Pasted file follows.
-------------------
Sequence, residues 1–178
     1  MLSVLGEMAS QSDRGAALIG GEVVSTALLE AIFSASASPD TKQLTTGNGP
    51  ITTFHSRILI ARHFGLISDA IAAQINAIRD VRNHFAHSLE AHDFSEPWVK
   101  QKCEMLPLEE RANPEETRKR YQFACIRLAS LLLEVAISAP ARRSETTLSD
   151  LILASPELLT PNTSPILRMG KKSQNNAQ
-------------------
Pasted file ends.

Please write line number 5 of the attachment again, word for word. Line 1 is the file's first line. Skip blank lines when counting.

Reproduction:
   151  LILASPELLT PNTSPILRMG KKSQNNAQ